Debussy - Syrinx for Euphonium
Debussy - Syrinx for Euphonium Debussy - Syrinx for Euphonium Debussy - Syrinx for Euphonium

Debussy - Syrinx for For Euphonium Alone - Euphonium/Baritone

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Debussy composed this breathtaking unaccompanied work in 1913, and it became the first solo work for the Böhm flute and the first solo work by a major composer since C.P.E. Bach almost 150 years earlier!

The music allows wide latitude for interpretation and can really show off the musical imagination of the performer.The great French flautist Marcel Moyse is credited with adding phrasing and barlines to his friend Debussy's new work.In classical mythology, Syrinx was a nymph and a follower of Artemis, known for her chastity. Pursued by the amorous Greek god Pan, she ran to a river’s edge and asked for assistance from the river nymphs. In answer, she was transformed into hollow water reeds that made a haunting sound when the god’s frustrated breath blew across them. Pan cut the reeds to fashion the first set of pan pipes, which were thereafter known as syrinx.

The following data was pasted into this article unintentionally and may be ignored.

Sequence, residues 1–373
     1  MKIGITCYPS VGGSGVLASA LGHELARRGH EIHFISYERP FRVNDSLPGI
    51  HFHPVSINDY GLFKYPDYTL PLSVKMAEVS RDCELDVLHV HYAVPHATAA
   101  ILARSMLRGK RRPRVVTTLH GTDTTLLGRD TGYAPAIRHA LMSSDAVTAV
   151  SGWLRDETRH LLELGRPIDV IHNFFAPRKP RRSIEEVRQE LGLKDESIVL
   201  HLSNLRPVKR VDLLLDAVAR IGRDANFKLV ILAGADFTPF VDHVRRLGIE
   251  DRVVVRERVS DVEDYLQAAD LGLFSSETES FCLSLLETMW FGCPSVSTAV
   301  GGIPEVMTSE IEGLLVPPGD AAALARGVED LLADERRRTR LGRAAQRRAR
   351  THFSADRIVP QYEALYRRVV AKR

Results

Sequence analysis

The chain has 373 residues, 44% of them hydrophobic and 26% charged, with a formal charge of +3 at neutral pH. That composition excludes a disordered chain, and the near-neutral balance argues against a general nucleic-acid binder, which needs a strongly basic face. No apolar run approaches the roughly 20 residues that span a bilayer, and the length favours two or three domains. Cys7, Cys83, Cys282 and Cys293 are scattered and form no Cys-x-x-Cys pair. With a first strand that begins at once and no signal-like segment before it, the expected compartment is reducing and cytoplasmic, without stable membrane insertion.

This work of 2 1/2 minutes for advanced performers can add a new dimension to your recital, as it is often performed offstage.



The sample performance was recorded by Trombonist Ralph Sauer in May 2012.

Claude-Achille Debussy (August 22, 1862 – March 25, 1918) was a French composer. Along with Maurice Ravel, he was one of the most prominent figures working within the field of impressionist music, though he himself intensely disliked the term when applied to his compositions. Debussy is among the most important of all French composers, and a central figure in European music of the turn of the 20th century. He was made Chevalier de la Légion d'honneur in 1903.His music is noted for its sensory component and how it is not often formed around one key or pitch. Often Debussy's work reflected the activities or turbulence in his own life. His music virtually defines the transition from late-Romantic music to 20th century modernist music. In French literary circles, the style of this period was known as symbolism, a movement that directly inspired Debussy both as a composer and as an active cultural participant.